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Teaching Strategies

Use “Rile ‘Em Up” Music to Develop Cultural Empathy

By listening to and reading the lyrics of songs from unfamiliar cultures, students can connect on a personal level with historical and social justice issues.

October 15, 2014

Caution: This song is going to make you feel uncomfortable. You will experience a modern-day sovereignty movement by listening. Also, "'Ea" (pronounced ay-AH) will enable you to recognize at least one alternative perspective about the overthrow of the Hawaiian Kingdom not present in your high school history textbook.

Promise: This song will hone your students' sense of empathy and rile 'em up in the process. As a history teacher, I don't feel as though I am successful unless learners' emotions are activated. They should become incensed about slavery, suffrage, and imperialism, just like the movers and shakers of history, who were infuriated enough at societal injustice to change the rules.

"'Ea", the title of a passionate indigenous rap by Sudden Rush, translates to "Sovereignty." I have shared this song with students in Hawaii, Micronesia, and the Continental United States during lessons on imperialism, sovereignty, perspective, and indigenousness. Invariably the song arouses emotion in my high school and college students, because "'Ea" describes historical and contemporary Hawaiian issues, including the loss of culture and the 50 percent blood quantum required to gain the very few Hawaiian rights that are offered by the government.

Song Analysis: A 21st-Century Skill

Using music in the classroom does not require a room full of iPads or other technologies. Song analysis is often overlooked despite its relevance to 21st-century learning skills: providing learners with the opportunity to explore perspectives and take a peek into the mind of the artist.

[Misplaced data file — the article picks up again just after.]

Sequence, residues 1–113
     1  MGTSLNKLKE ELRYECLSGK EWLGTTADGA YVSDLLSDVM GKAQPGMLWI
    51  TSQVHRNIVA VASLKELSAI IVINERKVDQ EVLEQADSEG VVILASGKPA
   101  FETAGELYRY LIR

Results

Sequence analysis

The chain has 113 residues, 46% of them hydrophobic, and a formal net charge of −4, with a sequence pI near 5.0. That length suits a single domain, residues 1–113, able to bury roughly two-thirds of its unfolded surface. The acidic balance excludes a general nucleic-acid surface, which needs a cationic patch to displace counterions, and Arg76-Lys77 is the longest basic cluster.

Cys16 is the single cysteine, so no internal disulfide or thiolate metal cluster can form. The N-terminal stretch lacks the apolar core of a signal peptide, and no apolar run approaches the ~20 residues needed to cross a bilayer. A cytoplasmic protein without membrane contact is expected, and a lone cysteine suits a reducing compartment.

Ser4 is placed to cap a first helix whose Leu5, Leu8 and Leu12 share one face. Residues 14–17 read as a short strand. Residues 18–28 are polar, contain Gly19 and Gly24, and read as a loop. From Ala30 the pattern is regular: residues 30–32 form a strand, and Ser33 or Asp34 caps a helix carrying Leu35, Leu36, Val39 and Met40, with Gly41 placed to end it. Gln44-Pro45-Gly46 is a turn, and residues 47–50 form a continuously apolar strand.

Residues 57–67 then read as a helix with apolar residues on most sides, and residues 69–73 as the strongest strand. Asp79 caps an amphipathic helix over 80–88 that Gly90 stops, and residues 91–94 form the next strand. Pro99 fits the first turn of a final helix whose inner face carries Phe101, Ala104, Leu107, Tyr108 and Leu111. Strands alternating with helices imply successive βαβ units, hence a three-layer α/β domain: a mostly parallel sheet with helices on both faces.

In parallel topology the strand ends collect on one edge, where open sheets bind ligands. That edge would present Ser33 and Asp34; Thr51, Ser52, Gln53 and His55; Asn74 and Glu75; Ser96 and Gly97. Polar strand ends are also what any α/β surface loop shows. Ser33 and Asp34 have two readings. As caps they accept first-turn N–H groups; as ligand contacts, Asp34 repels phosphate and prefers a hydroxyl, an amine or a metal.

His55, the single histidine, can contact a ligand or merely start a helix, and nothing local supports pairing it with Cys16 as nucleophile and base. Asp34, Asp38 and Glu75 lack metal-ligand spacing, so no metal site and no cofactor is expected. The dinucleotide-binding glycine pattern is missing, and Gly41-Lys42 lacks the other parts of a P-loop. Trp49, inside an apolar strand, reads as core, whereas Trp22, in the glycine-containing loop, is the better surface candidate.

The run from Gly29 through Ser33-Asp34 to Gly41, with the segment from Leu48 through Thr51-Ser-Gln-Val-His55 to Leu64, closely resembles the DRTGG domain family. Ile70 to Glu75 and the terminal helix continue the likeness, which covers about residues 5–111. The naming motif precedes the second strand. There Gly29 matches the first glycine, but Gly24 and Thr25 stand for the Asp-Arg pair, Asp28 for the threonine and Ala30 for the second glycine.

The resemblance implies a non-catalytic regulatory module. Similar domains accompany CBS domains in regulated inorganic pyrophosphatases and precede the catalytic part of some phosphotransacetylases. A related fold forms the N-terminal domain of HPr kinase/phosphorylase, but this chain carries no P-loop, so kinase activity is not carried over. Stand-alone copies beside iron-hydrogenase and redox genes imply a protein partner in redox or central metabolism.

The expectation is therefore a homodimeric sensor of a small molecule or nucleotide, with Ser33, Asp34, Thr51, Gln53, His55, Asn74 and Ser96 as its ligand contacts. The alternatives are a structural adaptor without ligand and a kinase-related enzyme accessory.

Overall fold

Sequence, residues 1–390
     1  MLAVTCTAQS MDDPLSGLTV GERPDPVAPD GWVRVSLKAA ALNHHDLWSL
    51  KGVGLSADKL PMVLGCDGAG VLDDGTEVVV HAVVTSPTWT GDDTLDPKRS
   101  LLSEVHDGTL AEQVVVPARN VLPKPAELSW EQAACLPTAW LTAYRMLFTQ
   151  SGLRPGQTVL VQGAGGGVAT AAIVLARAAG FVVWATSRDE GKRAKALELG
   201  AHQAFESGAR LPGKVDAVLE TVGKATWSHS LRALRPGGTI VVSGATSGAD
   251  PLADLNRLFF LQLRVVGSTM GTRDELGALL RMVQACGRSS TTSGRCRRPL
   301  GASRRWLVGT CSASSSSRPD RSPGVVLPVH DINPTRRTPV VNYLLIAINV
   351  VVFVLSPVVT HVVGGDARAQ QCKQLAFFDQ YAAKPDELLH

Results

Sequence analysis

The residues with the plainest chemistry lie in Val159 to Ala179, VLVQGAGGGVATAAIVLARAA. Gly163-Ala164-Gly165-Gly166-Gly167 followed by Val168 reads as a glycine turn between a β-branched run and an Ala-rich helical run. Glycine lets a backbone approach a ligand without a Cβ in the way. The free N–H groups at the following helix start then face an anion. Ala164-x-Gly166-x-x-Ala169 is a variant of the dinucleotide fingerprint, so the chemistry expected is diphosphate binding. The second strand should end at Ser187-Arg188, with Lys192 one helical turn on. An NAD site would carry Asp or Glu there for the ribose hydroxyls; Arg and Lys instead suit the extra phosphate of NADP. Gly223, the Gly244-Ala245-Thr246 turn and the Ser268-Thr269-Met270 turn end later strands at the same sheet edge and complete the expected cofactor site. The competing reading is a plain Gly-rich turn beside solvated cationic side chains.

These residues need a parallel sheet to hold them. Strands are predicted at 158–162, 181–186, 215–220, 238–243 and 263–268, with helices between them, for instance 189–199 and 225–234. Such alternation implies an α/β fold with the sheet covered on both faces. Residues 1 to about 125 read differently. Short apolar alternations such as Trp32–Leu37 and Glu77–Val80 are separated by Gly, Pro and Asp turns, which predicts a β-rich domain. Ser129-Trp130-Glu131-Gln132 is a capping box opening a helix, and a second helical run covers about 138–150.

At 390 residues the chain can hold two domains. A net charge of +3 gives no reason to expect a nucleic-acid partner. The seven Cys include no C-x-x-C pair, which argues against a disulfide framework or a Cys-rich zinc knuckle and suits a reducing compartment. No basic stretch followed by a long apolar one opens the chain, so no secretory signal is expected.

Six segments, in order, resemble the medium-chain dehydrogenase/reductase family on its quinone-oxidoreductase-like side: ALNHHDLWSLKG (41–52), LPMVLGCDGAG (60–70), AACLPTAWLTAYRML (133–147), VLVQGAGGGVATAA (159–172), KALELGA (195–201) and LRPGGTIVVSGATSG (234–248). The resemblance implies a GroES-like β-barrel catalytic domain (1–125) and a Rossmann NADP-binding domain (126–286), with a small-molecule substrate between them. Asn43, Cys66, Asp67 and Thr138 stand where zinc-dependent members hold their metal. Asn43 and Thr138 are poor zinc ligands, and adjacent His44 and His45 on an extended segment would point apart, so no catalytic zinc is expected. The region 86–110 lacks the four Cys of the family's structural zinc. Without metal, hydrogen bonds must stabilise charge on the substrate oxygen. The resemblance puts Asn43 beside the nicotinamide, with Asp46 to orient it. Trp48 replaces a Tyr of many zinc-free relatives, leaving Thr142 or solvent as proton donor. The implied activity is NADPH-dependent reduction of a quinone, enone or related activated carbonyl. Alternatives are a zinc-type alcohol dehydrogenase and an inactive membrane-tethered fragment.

To further explore multiple perspectives and integrate student voice and choice, ask students to locate, analyze, and share songs that introduce related themes. And to extend this exercise even farther and develop learners' capacity for empathy, ask students to write and perform their own songs after researching a relevant perspective. With individual students and groups making diverse contributions, the class has the opportunity to experience and discuss multiple perspectives throughout their performances.

Performers Need an Audience

Want to take this even farther? Conjure up an authentic audience with your students by encouraging them to create a concert for school and community members. Or have students create videos to post on your school's website or share via social media. The artist with the most views and/or the most likes can receive special recognition in the school bulletin or perhaps on the morning news.

If you anticipate that some of your students may be reluctant to sing in front of peers, provide an option for your kids to perform poetry, choreograph a dance, create art, or play an instrument that captures the sought-after tone. This is student voice and choice, right?

Not sure how to get started? I use steps described in the next section to model song analysis with my students. Note that once momentum is generated, my students often create rich questions that delve deeply into a song's perspectives.

"'Ea" Song Analysis Steps

  1. Without sharing a written copy of the lyrics, have students listen to Sudden Rush's official "'Ea"video on YouTube or download the song from iTunes. If you use the YouTube video, be prepared to witness a powerful sovereignty movement in action. (Disclaimer: "'Ea" uses the word "damn" twice. It certainly contributes to the tone, but may be offensive to some audiences.)
  2. Ask students, "What is the tone or mood of this song?" Then ask, "How does the song make you feel?"
  3. Next, have students read a hard copy of the lyric while listening to the song for a second time (I usually provide one handout for each pair of students).
  4. Have students highlight words that are unfamiliar and then locate the definitions of the words. Many terms are in Hawaiian (or Ōlelo Hawai'i) and can easily be found with a Google search.
  5. Then facilitate a discussion of the following prompts in order:

I would be happy to share ideas if you are interested in songs about Hawaii for younger students or for different audiences. Your educational community would also appreciate knowing what songs you use in your lessons. Please take the opportunity to share your experiences in the comments section.

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  • Teaching Strategies
  • Arts Integration
  • Arts
  • Social Studies/History

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